Low interest rates don’t make housing more affordable.

Supply and demand are the biggest determining factors in housing values.  While getting a lower interest rate loan will reduce a payment in a specific house purchase, the long term effect of low interest rates is simply housing inflation.  From a macro/market perspective, interest rates have a supplemental and often artificial impact on values.

Investing, investment, real.

Rate cuts in recent years were not about making housing affordable to the public.  The lowering of interest rates was intended to stimulate buying and inflate housing values out of the red to stop the foreclosure crisis.  And while it has solved some problems, it is unclear if it doesn’t create other problems in housing’s future.

For some historical context, let’s go back to pre-bubble years.  The near unlimited supply of mortgage credit caused housing prices to rise dramatically from around 2000 to around 2005.  Banks would lend lots of money to anyone willing to borrow.  This was for a variety of unsavory reasons (Discussed Here) but the net effect was to stimulate buying and therefore demand.  More people entered the market increasing competition and driving prices up.  People who were never before in the housing market were now told they could afford a house and they set out to buy one.  Many others started investing in income properties and bought house after house.  As the market swelled in size the demand for houses swelled well past supply driving prices up.  Sadly, much of this new market wasn’t really qualified to borrow or buy and would soon exit the market.  

Around 2005 it all began to unravel.  People who could not afford the loans they took could no longer continue to make payments and walked away or were booted out.  Home availability (supply) began to soar.  Further, it was also recognized that house prices were overvalued and people became very cautious about buying and demand dropped.

Basic economics dictate prices are going to fall in this environment.  And did they ever.  Foreclosures and short sales were everywhere and prices plummeted.

House for sale

Now here’s where this story gets sticky.  Despite a high availability of homes at as much as half the price of a few years earlier, and in the name of making houses more ‘affordable’, interest rates began dropping to levels not seen in a generation.  And while arguably it did make houses more ‘affordable’, temporarily, it simply fueled major buying of houses again.  As buyers were inspired by unheard of rates to borrow, the market demand once again began to soar.

Of course my occasionally cynical nature wants to point out at this time (the market bottom) institutional investors bought most of the now undervalued housing market.  If you were around trying to buy a house between 2010 to 2013 you were competing with cash buyers buying at over market prices. Buyers would race to see new properties and write offers that would compete with 10-30 other offers.  And like most ordinary people needing of a loan and subsequently an appraisal, you could not compete with over value cash buyers.  Sadly, much of the most attractive pricing on homes simply went to Wall St.  I’m sure glad the Government and the Federal Reserve don’t hire former Wall Street executives (sarcasm intended).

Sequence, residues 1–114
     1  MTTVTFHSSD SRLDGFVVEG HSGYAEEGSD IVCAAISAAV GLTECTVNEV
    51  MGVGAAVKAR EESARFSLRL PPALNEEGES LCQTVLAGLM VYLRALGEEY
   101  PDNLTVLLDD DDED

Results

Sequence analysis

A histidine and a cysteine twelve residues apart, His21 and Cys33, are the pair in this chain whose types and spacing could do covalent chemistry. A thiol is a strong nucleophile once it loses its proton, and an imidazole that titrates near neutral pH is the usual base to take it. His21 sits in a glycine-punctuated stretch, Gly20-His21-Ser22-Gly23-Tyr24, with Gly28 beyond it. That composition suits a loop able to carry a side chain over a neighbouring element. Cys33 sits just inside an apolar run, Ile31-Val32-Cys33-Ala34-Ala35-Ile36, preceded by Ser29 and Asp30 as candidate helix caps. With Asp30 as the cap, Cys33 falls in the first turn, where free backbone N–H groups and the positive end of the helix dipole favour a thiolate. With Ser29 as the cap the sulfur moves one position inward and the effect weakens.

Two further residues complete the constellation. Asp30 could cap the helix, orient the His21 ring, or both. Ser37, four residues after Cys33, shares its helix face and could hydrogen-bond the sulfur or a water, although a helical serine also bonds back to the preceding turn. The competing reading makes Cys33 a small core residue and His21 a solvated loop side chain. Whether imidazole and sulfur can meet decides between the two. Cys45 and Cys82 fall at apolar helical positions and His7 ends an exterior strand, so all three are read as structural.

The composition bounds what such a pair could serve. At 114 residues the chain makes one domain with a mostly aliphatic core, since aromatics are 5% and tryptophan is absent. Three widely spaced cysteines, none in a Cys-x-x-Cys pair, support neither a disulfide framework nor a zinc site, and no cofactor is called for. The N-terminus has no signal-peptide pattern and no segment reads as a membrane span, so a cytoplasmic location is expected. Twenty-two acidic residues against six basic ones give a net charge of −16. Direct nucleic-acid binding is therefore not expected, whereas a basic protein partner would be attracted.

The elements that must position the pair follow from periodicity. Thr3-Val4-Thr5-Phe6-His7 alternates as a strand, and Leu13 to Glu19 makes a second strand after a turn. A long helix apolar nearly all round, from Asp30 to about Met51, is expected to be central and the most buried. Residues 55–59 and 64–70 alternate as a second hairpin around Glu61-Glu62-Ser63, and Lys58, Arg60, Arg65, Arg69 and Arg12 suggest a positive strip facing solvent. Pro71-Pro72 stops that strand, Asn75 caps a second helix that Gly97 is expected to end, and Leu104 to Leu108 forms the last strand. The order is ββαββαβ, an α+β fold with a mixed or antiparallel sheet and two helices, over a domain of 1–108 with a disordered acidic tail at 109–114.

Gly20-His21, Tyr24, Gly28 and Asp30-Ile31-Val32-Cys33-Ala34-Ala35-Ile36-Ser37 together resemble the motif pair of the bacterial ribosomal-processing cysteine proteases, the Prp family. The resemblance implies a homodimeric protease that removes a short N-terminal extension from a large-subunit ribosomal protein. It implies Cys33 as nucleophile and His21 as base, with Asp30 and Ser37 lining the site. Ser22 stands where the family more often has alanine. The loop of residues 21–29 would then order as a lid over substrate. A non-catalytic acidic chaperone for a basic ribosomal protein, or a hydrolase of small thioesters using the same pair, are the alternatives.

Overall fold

Supply plummeted as homes were purchased and in this high demand environment, prices once again skyrocketed.  Once the investors’ appetite was satisfied, finally real people wanting homes came in and continued to buy and prices rose more.

So who benefits from low interest rates?  Clearly stimulating demand with low interest rates was intended to stop the collapsing housing market and restore stability.  Investors who owned troubled mortgage backed securities had their remaining investments stabilized.  Investors buying undervalued homes knowing that low interest rates would cause a run up in housing prices did extremely well. Underwater home owners are now less underwater or possibly beginning to build equity and as such the likelihood of selling in distress (foreclosure/short sale) is greatly reduced.  And lastly, house buyers that purchased while housing was still undervalued and interest rates were artificially low, did well too.

In the end, however, housing finds a new price balance based on supply and demand.  Loans may be cheaper, but houses are now more expensive.  The net impact on affordability in housing is zilch.1910099

Further, this temporary manipulation makes housing more vulnerable.  What happens to demand (and prices) when interest rates rise again to more sustainable levels?  This will be worth keeping an eye on as rates are now beginning to rise.

If we want to see housing become more affordable, we need to increase supply and  build more houses.  Public policy should focus on easing regulatory burdens and stimulating more housing construction with incentives.   If anyone genuinely cares to make housing more affordable, build houses, don’t manipulate markets.